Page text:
As someone who has attended every single climate change conference under the United Nations Framework Convention on Climate Change (UNFCCC)—the Conference of Parties (COP)—one thing I have learnt is that waiting until a COP is held to prepare to get something out of it simply does not work. If a country or a group of countries—or anyone else for that matter—wants to influence the outcome of a climate change conference, the work needs to start as soon as the curtain falls on its preceding conference.
In other words, as we have just returned from the 26th Conference of Parties (COP26), held in Glasgow, Scotland in November, we must immediately start to prepare ourselves for COP27, which is scheduled to be held in Sharm El-Sheikh, Egypt in November 2022.
An even more important reason for this is that many of the key decisions that could and should have been finalised in COP26 have been left for COP27.
As we prepare for COP27, an important event we will have to plan for is the Subsidiary Bodies meeting of the UNFCCC, which is scheduled to take place in Bonn, Germany in June 2022, which will be used as the platform to carry forward many of the agenda items from COP26 to COP27. This is an important stepping stone to get the COP27 agenda items well-prepared while aiming for a good outcome of the climate summit next year.
There are also a number of items that have already been mandated to be discussed further in the Subsidiary Bodies meeting, including the functions of the Santiago Network on Loss and Damage (SNLD) as well as the Glasgow Dialogue on Loss and Damage.
As an outcome on the finance for loss and damage is one of the major solutions expected from COP27, this topic will need to be developed and worked on throughout the coming year.
Another very important outcome of COP26 that has to be taken forward is the Glasgow-Sharm El-Sheikh work programme on the global goal on adaptation (GGA), which was one of the major positive outcomes of COP26.
This will also require holding a number of workshops and meetings with governments as well as scientists in order to try to come up with options for the governments to review and agree on at COP27. An important milestone in this regard is the upcoming publication of the 6th Assessment Report (AR6) of Working Group 2 on Impacts, Vulnerability and Adaptation of the Intergovernmental Panel on Climate Change (IPCC), expected in early 2022. This report will provide the latest knowledge and evidence of the success of different ways of adaptation to climate change, which can then be considered in developing the GGA.
Bangladeshi scientists will also be making an important contribution on this issue as we promote the concept of, as well as practise, Locally Led Adaptation (LLA), which focuses on building the adaptive capacity of vulnerable communities from the bottom up, and in which Bangladesh is an acknowledged world leader.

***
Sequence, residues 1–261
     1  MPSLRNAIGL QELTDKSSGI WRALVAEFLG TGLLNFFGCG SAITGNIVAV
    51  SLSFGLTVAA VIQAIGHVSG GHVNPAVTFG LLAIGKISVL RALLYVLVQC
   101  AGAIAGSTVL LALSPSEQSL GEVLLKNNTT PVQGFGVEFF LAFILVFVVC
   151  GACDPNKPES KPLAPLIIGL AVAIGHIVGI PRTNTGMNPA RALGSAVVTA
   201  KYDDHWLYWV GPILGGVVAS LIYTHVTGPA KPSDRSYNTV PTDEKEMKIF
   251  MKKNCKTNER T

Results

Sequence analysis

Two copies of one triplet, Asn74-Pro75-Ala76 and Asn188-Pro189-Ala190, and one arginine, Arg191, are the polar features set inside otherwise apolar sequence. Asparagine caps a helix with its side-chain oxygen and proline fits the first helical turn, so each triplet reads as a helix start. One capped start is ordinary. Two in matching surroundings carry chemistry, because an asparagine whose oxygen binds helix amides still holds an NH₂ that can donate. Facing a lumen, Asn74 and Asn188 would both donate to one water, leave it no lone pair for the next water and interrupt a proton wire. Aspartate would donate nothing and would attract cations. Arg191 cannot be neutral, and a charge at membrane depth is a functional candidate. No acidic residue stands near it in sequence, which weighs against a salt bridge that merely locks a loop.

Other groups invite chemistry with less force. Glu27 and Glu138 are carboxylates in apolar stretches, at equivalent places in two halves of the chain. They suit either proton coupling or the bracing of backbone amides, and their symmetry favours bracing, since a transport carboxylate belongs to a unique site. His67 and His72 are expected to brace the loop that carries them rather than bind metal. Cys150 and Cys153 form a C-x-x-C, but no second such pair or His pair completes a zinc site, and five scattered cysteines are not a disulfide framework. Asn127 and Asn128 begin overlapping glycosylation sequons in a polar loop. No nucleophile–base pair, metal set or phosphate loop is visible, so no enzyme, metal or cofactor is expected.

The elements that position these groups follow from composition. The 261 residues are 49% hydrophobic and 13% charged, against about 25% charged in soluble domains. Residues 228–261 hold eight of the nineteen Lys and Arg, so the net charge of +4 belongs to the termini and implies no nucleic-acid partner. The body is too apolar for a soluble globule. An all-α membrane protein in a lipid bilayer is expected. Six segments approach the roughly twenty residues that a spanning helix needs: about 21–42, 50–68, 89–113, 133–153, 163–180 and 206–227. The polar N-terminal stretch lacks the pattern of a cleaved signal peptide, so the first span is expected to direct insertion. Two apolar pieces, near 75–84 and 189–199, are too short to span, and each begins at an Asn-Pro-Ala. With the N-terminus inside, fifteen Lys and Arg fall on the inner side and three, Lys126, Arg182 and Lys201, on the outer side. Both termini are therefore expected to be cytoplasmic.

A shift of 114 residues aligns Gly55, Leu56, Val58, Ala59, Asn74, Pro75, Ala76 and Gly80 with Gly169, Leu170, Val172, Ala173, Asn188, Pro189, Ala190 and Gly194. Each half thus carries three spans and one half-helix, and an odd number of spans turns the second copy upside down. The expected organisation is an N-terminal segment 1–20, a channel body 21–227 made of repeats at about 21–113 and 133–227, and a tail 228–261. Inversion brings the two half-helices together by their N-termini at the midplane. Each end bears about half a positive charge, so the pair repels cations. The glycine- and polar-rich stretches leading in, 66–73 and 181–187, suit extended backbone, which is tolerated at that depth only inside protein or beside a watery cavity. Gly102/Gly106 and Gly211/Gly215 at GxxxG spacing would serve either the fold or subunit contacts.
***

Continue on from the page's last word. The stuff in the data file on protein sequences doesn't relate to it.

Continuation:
An important expectation from COP26, to which the Climate Vulnerable Forum (CVF), under the leadership of Prime Minister Sheikh Hasina of Bangladesh, made a very significant contribution, was agreement for every country to make an annual update of their respective Nationally Determined Contributions (NDC) plans, to reduce emissions of greenhouse gases, instead of the previously agreed five-year gap between updates. Although this remains a voluntary commitment, many countries are expected to honour this agreement and update their NDCs by COP27 next year.
The CVF, under the leadership of Bangladesh, played a significant role in COP26, and even though Bangladesh will be handing over the chair to Ghana before COP27, it will nevertheless remain one of the Troika of CVF leaders for the next two terms. So Bangladesh will continue to play a major role in the political leadership that the CVF has acquired. One aspect of that leadership was the fact that when COP26 started, there were 47 developing countries in the CVF; by the end of COP26, seven new members were added to the forum. Thus, the CVF has emerged as a significant political force on climate change issues—even beyond the climate summits.
Hence, Bangladesh as a key leader needs to prepare itself for a successful outcome in COP27 next year, by participating effectively in every single international meeting that will take place around the world every week, in order to push our agenda for successfully tackling the global problem of human-induced climate change, which now needs daily actions. Both the government and civil society actors from Bangladesh can play vital roles in tackling climate change, but the work has to start right now.
Originally this article was published on December 22, 2021 at Daily Star. The author Prof. Saleemul Huq is the director of the International Centre for Climate Change and Development (ICCCAD) at the Independent University, Bangladesh (IUB).